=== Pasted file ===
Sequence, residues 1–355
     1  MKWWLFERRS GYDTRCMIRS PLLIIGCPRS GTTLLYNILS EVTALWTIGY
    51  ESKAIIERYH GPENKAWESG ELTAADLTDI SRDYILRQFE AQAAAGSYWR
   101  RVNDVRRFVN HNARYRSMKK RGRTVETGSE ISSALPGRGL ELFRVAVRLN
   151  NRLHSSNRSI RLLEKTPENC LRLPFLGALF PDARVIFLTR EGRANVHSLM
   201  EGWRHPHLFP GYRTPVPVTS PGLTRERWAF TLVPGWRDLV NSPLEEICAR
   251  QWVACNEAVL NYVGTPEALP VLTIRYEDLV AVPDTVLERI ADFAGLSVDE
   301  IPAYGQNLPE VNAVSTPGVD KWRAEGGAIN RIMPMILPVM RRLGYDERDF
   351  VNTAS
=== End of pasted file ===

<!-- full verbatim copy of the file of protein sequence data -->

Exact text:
Sequence, residues 1–355
     1  MKWWLFERRS GYDTRCMIRS PLLIIGCPRS GTTLLYNILS EVTALWTIGY
    51  ESKAIIERYH GPENKAWESG ELTAADLTDI SRDYILRQFE AQAAAGSYWR
   101  RVNDVRRFVN HNARYRSMKK RGRTVETGSE ISSALPGRGL ELFRVAVRLN
   151  NRLHSSNRSI RLLEKTPENC LRLPFLGALF PDARVIFLTR EGRANVHSLM
   201  EGWRHPHLFP GYRTPVPVTS PGLTRERWAF TLVPGWRDLV NSPLEEICAR
   251  QWVACNEAVL NYVGTPEALP VLTIRYEDLV AVPDTVLERI ADFAGLSVDE
   301  IPAYGQNLPE VNAVSTPGVD KWRAEGGAIN RIMPMILPVM RRLGYDERDF
   351  VNTAS